For example, if you have wires 1A, 1B, 2A, 2B you don’t want to pair up 1A & 2A then 1B & 2B necessarily.

1A & 1B is a pair and 2A & 2B is a pair. Use this as a guide at first and in most cases it should be correct.

Steppers have two coils so what you need to do is find the two wires which make up each coil.

  • Simply plug one coil into pins 1 & 2
  • Then the second coil into pins 3 & 4 of your stepper connector
  • Any way round will be fine because what will happen is the motor will turn the wrong way

The advised way to find a pair is to short out two wires, then try to turn the motor by hand. If it becomes harder to turn by hand it means the wires are a pair.

Now that we have one complete pair, we know the other two wires are also a pair.

If your motor runs backwards after following the process of connecting up the wires, there is a simple method to fix this.

You want to either plug it in the other way or invert the direction in the firmware configuration.

As long as you put the pairs together correctly it won’t matter what order it goes in.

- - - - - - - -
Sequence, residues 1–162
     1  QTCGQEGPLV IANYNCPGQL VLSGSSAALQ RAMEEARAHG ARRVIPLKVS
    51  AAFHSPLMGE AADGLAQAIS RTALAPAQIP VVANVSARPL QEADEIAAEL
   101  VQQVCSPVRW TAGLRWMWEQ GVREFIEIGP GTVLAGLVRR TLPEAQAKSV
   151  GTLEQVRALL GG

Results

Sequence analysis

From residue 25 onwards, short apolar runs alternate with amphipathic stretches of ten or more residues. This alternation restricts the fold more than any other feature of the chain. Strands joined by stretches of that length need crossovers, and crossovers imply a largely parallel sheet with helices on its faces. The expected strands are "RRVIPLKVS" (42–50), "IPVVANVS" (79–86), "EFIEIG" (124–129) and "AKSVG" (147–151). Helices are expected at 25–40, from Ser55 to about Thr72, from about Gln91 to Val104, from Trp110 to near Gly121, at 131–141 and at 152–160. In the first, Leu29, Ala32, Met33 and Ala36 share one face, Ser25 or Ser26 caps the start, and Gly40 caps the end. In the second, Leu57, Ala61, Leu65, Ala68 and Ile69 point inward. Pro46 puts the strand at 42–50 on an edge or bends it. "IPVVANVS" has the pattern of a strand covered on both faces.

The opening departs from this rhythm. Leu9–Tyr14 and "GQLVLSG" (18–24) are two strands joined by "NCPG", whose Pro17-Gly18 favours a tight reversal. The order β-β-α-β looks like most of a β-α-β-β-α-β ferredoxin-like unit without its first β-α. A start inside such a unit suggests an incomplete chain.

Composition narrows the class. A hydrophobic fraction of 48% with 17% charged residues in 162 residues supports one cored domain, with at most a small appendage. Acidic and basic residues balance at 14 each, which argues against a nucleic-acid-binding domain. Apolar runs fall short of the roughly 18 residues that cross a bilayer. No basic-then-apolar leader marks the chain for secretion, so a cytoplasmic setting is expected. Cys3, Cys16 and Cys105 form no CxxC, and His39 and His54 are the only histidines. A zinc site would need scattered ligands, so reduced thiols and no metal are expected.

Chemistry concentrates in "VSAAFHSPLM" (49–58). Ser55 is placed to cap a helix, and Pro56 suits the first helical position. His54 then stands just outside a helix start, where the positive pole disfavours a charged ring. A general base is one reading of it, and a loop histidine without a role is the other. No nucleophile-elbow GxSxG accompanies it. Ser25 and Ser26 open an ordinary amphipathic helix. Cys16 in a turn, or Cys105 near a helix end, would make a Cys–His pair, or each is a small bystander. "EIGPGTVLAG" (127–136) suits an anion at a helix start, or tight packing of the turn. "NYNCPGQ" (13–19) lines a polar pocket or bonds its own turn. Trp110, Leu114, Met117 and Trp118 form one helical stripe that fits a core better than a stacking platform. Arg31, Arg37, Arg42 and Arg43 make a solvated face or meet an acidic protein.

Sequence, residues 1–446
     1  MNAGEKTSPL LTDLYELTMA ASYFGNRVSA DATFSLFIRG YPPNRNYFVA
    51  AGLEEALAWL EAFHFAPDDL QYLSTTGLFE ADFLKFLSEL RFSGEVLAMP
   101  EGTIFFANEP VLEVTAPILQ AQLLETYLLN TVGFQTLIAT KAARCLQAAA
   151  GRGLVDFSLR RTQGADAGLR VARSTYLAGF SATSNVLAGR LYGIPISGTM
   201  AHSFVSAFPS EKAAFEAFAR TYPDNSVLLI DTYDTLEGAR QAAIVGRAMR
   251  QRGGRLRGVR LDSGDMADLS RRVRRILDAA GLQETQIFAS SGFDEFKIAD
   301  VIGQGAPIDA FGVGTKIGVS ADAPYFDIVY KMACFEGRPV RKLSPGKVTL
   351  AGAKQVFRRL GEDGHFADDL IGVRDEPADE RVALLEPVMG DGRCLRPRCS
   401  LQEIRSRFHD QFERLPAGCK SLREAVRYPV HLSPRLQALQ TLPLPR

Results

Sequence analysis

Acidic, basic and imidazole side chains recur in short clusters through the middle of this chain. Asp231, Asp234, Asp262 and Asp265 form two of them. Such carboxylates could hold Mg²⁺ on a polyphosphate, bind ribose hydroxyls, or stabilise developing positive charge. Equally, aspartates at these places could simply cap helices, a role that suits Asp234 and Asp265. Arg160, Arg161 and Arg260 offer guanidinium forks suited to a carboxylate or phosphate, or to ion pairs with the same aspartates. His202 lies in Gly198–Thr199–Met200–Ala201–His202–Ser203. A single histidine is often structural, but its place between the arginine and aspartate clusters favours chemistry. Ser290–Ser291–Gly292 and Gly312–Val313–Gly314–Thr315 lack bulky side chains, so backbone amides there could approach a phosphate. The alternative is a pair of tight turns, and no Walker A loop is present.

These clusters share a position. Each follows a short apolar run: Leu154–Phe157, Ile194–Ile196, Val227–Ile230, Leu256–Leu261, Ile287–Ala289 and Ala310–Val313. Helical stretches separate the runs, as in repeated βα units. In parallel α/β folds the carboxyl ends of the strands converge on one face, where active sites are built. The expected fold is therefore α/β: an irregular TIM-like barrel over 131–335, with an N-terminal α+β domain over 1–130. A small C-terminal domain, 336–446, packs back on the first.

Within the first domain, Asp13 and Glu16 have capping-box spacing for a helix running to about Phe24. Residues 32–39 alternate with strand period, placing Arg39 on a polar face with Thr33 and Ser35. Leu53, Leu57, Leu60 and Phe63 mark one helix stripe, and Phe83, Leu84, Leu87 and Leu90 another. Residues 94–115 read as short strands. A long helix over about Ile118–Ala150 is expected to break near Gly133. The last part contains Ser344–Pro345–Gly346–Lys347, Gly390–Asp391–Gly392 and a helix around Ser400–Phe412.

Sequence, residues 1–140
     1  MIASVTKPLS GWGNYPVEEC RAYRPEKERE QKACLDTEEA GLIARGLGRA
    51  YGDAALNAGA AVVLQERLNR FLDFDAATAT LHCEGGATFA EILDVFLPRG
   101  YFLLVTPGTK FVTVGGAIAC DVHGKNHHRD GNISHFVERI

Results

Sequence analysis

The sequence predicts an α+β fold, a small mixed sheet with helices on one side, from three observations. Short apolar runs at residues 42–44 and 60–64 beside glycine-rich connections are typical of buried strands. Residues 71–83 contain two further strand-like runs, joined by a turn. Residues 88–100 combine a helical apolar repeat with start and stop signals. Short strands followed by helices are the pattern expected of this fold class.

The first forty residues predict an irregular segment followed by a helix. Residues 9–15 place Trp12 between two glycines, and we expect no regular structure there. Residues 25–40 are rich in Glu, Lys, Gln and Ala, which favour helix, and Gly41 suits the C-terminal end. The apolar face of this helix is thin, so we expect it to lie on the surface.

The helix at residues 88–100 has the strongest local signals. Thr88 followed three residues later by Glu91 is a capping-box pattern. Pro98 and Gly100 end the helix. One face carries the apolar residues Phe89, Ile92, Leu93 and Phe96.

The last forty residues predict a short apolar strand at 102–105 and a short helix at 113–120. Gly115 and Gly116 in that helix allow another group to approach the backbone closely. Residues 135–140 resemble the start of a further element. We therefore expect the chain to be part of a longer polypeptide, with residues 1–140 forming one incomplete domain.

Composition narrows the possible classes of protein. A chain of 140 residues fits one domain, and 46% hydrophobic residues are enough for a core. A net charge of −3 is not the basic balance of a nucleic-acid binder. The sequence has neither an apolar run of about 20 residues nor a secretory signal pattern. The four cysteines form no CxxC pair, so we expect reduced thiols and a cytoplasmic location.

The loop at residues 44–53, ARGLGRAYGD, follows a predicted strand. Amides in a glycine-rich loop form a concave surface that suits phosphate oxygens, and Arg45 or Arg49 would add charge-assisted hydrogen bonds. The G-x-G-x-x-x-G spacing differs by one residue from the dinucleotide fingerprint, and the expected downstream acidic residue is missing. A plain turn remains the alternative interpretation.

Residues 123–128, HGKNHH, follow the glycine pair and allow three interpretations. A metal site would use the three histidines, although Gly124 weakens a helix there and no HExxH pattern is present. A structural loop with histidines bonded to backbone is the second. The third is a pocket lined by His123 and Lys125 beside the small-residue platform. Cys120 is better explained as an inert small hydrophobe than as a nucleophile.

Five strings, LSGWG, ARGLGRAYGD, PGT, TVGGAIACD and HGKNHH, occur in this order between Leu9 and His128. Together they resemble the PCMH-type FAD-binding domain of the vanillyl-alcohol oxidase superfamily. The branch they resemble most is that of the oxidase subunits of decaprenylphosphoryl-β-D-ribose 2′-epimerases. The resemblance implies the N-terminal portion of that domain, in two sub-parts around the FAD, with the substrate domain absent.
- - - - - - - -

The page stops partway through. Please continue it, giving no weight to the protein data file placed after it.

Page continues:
Check Amps & Current

Make sure that you are getting the correct amount of voltage and current through your extruder motor for it to be able to turn. It’s quite common for this to be the cause and luckily this is fairly simple to correct.

If you don’t have the right amount of amperage output from your designated stepper drivers, the motors will vibrate and not turn. You have to be very careful when doing this because you’re dealing with a lot of power here.

The video below gives a great visual and guide on how to check these things.

You’ll need a volt meter for this. A great one and a best-seller from Amazon is the Elekcity MSR-R500 Digital Multimeter & Voltage Tester. It accurately measures AC/DC voltage for DC current, resistance tests and much more. Safety protection is one of the main highlights, as well as great after-sale support.